IN THIS ISSUE

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Abstract



In this issue we bring the history of the peoples of Southern Russia to your attention. The study of the region’s ethno-confessional history and cultural diversity reveals very complex and contradictory patterns of interaction. Such research raises questions about the distinct features of the peoples inhabiting the region, but also about what these groups have in common, what that unites them on Russian soil, and what makes the region so significant in terms of its geopolitical position at a crossroads of civilizations. Separate chapters in the history of the peoples of Southern Russia deserve new attention, both from a new methodological standpoint and as a result of our expanding source base. The articles united in this issue focus on turning points and on the most tragic periods in Russia’s history, in particular the Civil War, the social and economic transformations of the 1920s and 1930s, and the Great Patriotic War. Historiography is a field where different and mutually exclusive interpretations can be discussed; this is particularly true when it comes to the relations between the Russians and the native peoples of the North Caucasus. We hope that the present contributions stimulate our scholarly discourse, and pave the way for a more nuanced picture of the region’s history. Particular pages of South Russia’s history are linked to the Cossacks, whose settlements on the banks of the Terek and the Don Rivers as well as in the Kuban and the Stavropol regions appeared as early as the 18th century. Kseniya Y. Sukhomlinova (Academy of Marketing and Social Information Technologies, Krasnodar) presents archival material on the measures that the Tsarist government and the Black Sea Cossack Host took to promote trade between the Cossacks and the mountain peoples of the North Caucasus in the first half of the 19th century. The author provides new data on the history of barter trade regulations as well as on the functions of exchange yards that existed in the region from the early 1800s to the mid-nineteenth century. The author describes the regulation of commodity exchange with reference to the prices of basic goods, and shows the pricing mechanisms used at the exchange yards over time. Lyudmila S. Gatagova (Institute of Russian History of the Russian Academy of Sciences, Moscow) analyses the complex and contradictory processes that unfolded in the region at the start of the Civil War. Using the works of Russian researchers and bringing in new archival materials, the author problematizes the ethnic factor in the Civil War and the ways it was employed by the opposing political forces in the North Caucasus. As the author argues, the ethnic matrix becomes the basis for the transformation of unresolved social problems into irreconcilable intergroup conflicts. Proceeding with the topic of the post-revolutionary history of Russia, Irina M. Fedina (Kuban State University, Krasnodar) studies how, in the first decade of Soviet power, the inhabitants of the Kuban villages looked at the agrarian transformations that the Bolsheviks introduced. In particular land and tax policies influenced the mood of the villagers, and impacted on the relations between the Cossacks and the newcomers during the land use reorganization campaign. On the basis of archival documents, Fedina discusses the social, economic, and cultural changes in the Kuban villages that led to the loss of that society’s Cossack features. The massive ideological campaigns of the Bolsheviks introduced a Soviet pattern of mentality into the consciousness of the Kuban population. Movla K. Osmaev (Chechen State University, Grozny) discusses the Soviets’ mobilization measures in Chechnya-Ingushetia during the Great Patriotic War. The author pays special attention to the evacuation of industrial enterprises and their subsequent restoration, as well as to the construction of a complex system of defense lines. The researcher shows the efficient mechanisms used to mobilize the human resources available in the republic for the dismantling of industrial enterprises for evacuation, and for the restoration of the oil industry. The article features statistical materials indicating the scale of mobilization in the ChechenIngush Autonomous Soviet Socialist Republic in the autumn and winter of 1942, and also the use of local conscripts to the labor army (trudarmeitsy) for work outside of the republic. According to the author, the decline of mobilization measures in 1944 can be explained by the deportation of the native peoples, resulting in the need to import labor force into the newly formed Grozny region. The joint article by Vardan E. Bagdasaryan (Moscow State Regional University) and Sergey I. Resnyansky (RUDN University, Moscow) is certainly the most provocative piece in the present collection. The two authors study the civilizational role of the Russian people in South Russia’s development through the lens of ethnic and demographic processes. On the basis of a wide range of statistical materials (including population censuses and reports from the Russian Empire, the USSR, and the Russian Federation), the authors illustrate the changing representation of ethnic Russians in the demographic structure of Southern Russia in relation to the respective titular nations. The authors put forward the controversial hypothesis that the civilizational peaks and valleys in the history of Russia over the past centuries can be correlated with the dynamics of Russian migration; the authors argue that a strong presence of Russians, as Russia’s ‘civilization-forming people’, pushes forward the development of the territories otherwise inhabited by non-Russian titular nations. From this perspective, the share of Russians in the demographic make-up, over time, indicates to what extent the region in question has been included into the Russian civilizational system. The authors conclude that ethnic and demographic processes must be managed to ensure Russia’s territorial integrity in the future. In their entirety, the publications of this thematic issue address a wide range of readers interested in the life of the peoples of Southern Russia, their interrelations at various stages of Russia’s history, and also the region’s prospects for development. The articles raise a number of important issues that deserve further discussion in academic publications. RUDN Journal of Russian History is meant to serve as such a platform also in the future.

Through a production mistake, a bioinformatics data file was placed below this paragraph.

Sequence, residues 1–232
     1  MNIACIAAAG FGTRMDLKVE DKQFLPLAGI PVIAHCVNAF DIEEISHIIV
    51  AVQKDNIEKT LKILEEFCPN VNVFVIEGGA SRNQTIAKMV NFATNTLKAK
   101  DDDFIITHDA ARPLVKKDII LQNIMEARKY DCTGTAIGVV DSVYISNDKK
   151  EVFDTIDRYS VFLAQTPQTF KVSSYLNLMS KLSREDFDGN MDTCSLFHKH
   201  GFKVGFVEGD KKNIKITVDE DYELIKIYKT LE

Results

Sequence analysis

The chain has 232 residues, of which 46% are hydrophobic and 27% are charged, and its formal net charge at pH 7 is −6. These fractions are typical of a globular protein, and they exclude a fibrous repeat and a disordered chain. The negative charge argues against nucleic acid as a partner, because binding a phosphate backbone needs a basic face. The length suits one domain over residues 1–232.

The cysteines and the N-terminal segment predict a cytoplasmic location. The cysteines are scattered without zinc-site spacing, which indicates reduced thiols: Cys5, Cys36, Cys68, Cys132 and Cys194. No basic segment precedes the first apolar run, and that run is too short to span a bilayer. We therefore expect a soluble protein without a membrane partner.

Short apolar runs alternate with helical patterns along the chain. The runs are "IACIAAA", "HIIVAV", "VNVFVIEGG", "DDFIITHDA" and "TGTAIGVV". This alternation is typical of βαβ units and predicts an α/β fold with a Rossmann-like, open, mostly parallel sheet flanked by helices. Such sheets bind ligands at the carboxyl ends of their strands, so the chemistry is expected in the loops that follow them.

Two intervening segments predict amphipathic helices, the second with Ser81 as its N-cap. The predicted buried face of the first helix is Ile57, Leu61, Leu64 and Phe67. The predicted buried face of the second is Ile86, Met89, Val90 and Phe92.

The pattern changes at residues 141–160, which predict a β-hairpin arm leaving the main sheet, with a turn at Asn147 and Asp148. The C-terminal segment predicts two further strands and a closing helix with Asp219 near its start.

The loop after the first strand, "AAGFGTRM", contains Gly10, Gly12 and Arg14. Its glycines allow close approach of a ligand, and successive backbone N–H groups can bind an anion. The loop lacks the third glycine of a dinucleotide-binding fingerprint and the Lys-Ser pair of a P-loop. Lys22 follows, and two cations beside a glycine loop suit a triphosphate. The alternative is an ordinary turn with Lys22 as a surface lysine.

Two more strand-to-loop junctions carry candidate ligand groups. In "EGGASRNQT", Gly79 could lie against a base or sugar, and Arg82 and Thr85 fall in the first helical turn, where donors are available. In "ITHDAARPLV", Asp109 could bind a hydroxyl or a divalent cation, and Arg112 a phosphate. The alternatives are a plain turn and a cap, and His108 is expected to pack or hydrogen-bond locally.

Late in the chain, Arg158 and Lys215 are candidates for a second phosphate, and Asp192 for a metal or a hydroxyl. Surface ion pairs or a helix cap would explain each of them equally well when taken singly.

Michael Kemper

University of Amsterdam

Email: M.Kemper@uva.nl
48 Kloveniersburgwal, Amsterdam, 1012CX, Netherlands -